Type-II Connectivity of 1-D Wireless Multi-hop Networks
 Speakers Seh Chun Ng Seminar Date Monday, 16 March, 2009 Location 11am, Room 720, EE Building Abstract The connectivity of wireless ad hoc networks has been actively studied in recent years. A well known result of asymptotic connectivity for two-dimensional networks were reported by Gupta and Kumar in their paper in 1998. There are many other papers presented the analysis on the connectivity of one or higher dimensional networks, either analytically or empirically. The network models used in these work have one configuration in common, that is the nodes in the network are assumed to be identical in transmission capabilities. The critical requirement for these networks is all nodes should be connected into a single component. What if we only require every node connects to any one of some "powerful" nodes? The real applications for this type of networks include the vehicular networks formed by the vehicles and infrastructure along the road, the cellular networks formed by the mobile units with multi-hop functions and base-stations. In this presentation, we present the exact formula on the connectivity for this type of hybrid networks, namely the "Type-II" connectivity, as well as some other interesting properties such as average number of clusters and average hop count. The current work only focus on one-dimensional hybrid wireless networks, and shall be extended to two-dimensional networks in the near future.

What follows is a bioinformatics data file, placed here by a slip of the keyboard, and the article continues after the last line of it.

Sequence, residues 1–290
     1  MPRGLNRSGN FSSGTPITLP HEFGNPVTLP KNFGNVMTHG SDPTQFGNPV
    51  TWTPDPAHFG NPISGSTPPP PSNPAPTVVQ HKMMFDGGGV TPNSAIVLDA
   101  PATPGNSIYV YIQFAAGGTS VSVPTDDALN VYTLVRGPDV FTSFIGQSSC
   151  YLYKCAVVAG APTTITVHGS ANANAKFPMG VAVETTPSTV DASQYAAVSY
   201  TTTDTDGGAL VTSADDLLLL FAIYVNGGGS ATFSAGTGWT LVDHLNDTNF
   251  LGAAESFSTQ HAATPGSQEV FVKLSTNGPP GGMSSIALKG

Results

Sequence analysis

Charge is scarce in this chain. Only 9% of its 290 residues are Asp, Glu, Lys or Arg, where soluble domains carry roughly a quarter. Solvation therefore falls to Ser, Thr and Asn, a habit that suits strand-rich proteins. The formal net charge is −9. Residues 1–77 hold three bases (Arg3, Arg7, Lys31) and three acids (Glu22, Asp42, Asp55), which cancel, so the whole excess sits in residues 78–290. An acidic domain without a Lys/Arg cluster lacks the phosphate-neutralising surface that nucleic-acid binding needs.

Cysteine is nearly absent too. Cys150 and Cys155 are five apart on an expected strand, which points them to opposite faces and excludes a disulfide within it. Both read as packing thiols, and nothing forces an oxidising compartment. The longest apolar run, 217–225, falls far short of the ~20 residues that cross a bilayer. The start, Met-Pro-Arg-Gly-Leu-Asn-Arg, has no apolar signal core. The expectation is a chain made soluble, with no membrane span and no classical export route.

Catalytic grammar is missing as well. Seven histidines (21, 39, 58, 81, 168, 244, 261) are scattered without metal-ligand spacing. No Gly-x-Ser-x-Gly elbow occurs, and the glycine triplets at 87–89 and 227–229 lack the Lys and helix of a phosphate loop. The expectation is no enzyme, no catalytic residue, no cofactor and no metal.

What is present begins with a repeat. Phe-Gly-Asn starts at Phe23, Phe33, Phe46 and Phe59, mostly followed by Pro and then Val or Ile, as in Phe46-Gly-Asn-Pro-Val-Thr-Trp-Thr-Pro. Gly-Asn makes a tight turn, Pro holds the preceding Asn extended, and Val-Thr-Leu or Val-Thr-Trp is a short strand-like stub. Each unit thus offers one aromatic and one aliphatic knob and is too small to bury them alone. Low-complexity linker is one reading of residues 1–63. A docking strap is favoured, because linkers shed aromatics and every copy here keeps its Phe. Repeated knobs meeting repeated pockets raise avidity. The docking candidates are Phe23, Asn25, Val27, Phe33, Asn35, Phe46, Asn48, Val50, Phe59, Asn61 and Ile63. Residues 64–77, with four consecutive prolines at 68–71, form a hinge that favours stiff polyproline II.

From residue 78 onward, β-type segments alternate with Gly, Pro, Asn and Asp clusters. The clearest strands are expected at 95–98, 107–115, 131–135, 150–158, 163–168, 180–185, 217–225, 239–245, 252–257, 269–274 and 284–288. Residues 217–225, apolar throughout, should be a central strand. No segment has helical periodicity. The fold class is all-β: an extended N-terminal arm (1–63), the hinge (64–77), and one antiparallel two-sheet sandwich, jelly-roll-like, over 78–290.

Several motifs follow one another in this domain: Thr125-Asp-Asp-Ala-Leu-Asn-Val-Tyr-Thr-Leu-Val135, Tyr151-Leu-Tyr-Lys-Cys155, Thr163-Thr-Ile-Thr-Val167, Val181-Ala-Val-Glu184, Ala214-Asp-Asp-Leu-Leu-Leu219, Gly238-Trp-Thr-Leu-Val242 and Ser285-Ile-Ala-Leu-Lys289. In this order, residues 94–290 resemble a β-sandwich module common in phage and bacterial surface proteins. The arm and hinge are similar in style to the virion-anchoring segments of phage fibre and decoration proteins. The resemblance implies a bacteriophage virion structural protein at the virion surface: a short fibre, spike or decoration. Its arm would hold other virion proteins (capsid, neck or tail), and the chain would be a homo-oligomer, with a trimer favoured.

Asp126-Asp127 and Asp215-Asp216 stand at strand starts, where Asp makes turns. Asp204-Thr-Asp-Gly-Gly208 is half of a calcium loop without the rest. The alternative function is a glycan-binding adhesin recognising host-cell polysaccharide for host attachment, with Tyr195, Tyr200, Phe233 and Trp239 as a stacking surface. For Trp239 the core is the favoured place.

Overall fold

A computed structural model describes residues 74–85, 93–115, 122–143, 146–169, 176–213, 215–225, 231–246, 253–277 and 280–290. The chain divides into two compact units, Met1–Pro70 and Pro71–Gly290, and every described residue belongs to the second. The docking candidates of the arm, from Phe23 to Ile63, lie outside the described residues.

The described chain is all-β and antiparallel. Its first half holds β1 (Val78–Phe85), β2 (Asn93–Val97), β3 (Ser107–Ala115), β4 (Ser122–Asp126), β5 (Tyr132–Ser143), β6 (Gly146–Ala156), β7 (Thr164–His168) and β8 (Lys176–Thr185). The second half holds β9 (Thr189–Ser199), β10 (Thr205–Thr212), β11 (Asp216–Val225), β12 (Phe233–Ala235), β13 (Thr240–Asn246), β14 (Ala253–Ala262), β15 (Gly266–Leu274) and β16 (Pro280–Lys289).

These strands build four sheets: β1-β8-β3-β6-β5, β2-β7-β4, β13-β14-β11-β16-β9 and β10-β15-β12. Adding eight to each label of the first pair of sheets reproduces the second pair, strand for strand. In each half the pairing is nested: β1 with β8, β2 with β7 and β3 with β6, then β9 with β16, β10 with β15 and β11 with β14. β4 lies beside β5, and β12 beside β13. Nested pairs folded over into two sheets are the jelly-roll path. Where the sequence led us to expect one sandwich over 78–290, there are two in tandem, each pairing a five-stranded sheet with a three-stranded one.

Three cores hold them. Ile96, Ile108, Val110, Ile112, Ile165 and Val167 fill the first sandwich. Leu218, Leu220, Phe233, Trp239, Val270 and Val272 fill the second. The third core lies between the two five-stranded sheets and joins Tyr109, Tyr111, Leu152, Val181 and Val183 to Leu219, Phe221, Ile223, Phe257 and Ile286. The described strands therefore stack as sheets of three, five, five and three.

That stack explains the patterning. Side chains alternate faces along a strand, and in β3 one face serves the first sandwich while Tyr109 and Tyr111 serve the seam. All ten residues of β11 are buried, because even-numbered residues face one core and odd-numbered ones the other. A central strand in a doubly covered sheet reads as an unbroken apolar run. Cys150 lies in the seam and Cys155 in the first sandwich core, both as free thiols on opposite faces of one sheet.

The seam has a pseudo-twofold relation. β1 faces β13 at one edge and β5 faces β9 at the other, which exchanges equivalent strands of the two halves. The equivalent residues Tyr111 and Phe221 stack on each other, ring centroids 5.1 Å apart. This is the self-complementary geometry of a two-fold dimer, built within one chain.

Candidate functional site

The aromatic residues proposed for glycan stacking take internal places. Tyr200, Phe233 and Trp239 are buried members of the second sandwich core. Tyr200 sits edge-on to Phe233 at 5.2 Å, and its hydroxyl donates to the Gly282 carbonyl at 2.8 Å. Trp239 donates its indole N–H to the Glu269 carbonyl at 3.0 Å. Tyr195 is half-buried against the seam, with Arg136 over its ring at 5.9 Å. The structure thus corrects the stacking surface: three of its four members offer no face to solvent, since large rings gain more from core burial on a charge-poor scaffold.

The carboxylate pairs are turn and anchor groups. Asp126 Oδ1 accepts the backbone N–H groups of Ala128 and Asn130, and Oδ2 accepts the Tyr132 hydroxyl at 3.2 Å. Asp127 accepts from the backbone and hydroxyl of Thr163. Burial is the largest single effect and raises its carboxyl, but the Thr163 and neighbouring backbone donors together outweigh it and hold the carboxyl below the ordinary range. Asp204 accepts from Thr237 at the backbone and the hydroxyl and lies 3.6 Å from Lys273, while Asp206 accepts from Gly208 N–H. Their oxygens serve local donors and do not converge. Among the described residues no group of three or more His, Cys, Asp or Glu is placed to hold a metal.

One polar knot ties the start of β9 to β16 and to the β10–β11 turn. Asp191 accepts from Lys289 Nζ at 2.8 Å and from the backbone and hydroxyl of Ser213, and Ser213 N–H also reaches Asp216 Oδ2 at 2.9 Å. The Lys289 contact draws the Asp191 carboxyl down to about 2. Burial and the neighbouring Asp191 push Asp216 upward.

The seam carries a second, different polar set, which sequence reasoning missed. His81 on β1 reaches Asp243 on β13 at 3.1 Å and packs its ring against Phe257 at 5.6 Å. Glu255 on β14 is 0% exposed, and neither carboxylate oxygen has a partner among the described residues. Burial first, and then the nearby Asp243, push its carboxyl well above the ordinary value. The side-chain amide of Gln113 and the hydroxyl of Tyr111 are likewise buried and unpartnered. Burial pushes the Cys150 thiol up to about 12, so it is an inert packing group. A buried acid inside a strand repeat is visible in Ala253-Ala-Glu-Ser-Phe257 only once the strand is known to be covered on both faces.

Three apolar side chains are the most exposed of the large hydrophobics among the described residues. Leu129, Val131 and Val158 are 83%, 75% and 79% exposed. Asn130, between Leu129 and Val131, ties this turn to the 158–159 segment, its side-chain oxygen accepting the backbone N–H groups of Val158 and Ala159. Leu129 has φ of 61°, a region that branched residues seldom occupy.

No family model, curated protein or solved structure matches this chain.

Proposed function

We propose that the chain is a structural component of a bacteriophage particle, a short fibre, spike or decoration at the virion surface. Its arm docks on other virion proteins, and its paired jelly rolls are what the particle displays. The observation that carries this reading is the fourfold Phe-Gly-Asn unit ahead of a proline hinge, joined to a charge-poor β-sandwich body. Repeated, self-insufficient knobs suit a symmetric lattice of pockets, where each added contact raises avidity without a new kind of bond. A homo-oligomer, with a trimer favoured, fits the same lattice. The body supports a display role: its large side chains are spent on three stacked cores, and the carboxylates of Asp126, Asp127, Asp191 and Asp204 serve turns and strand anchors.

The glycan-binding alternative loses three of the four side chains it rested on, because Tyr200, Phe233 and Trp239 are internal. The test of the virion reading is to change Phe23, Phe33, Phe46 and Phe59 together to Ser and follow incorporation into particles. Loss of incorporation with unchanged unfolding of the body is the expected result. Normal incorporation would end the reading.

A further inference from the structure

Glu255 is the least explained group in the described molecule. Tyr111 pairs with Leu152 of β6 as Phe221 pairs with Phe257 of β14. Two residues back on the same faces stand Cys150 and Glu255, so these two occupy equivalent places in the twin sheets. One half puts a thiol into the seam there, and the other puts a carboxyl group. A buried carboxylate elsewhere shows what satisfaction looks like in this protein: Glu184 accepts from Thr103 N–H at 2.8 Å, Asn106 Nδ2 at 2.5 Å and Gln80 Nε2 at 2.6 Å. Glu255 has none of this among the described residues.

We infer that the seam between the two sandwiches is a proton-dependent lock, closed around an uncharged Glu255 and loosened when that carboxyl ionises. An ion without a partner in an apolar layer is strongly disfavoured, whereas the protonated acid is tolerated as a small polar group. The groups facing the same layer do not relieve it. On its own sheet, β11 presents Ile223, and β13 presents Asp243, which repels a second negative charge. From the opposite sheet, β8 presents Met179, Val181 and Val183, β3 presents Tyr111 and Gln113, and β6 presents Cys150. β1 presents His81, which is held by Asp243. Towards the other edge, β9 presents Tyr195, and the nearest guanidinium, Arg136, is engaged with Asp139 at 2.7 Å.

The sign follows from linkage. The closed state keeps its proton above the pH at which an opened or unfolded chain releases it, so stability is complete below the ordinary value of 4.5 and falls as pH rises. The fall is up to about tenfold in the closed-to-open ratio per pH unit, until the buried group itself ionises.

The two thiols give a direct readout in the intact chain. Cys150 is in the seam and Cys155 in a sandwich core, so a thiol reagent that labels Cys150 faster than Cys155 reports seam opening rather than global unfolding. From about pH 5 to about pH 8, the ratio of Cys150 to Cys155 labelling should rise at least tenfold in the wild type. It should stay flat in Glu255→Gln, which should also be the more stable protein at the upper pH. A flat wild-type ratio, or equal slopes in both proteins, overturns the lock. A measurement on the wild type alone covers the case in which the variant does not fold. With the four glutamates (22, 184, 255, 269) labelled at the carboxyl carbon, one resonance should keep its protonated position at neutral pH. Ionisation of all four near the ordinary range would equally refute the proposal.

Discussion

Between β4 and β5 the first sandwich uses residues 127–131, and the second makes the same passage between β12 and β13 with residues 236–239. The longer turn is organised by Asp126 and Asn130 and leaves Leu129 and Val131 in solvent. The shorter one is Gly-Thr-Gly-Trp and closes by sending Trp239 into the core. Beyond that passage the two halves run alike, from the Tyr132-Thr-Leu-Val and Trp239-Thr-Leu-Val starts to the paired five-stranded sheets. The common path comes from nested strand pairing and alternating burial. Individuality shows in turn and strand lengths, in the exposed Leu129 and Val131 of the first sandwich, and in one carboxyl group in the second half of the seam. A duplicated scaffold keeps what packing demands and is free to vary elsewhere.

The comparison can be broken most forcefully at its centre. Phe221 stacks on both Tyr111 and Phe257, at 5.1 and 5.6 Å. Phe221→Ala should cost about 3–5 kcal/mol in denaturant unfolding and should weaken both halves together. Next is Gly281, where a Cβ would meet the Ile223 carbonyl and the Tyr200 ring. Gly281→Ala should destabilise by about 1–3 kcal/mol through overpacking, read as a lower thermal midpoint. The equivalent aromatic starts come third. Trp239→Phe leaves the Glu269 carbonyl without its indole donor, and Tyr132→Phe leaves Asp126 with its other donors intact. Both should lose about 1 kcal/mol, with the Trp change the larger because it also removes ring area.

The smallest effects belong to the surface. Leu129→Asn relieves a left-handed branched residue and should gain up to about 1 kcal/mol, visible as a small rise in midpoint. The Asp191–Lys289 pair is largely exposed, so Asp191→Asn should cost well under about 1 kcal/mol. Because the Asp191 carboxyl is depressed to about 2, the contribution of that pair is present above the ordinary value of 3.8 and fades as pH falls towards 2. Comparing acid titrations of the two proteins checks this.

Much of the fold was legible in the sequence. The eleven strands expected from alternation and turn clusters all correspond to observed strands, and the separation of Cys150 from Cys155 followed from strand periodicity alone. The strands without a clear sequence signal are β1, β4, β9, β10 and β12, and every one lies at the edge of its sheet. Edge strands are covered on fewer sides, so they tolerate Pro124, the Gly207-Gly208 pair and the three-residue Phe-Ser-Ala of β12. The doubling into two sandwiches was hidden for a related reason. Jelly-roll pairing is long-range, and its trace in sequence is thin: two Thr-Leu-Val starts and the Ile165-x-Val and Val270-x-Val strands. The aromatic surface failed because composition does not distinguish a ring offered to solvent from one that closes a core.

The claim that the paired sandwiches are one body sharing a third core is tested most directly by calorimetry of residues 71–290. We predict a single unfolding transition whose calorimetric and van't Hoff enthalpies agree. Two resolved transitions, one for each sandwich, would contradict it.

Connectivity of Wireless Multi-hop Networks with Arbitrary Wireless Channel Models
 Speakers Jason Ta Seminar Date Monday, 2 March, 2009 Location 11am, Room 720, EE Building Abstract Connectivity is one of the most fundamental properties of wireless multi-hop networks, e.g. wireless ad hoc/sensor networks. There has been extensive research and outcome on network connectivity in the last several years. So far, almost all the results in the literature were derived under two widely used wireless channel models, viz. the unit disk communication model and the log-normal shadowing model. It can be shown that there are many similarities between the results derived under these two models, which raises an interesting question: whether some well-known results derived under these two models hold under more generic channel models. In reality, the results obtained under a specific channel model may not necessarily apply for other channel models or scenarios. Hence, it is important to investigate whether these results are applicable for more generic channel models satisfying certain reasonable conditions. This talk will focus on one widely studied problem, i.e. the probability of connectedness, under an arbitrary channel model.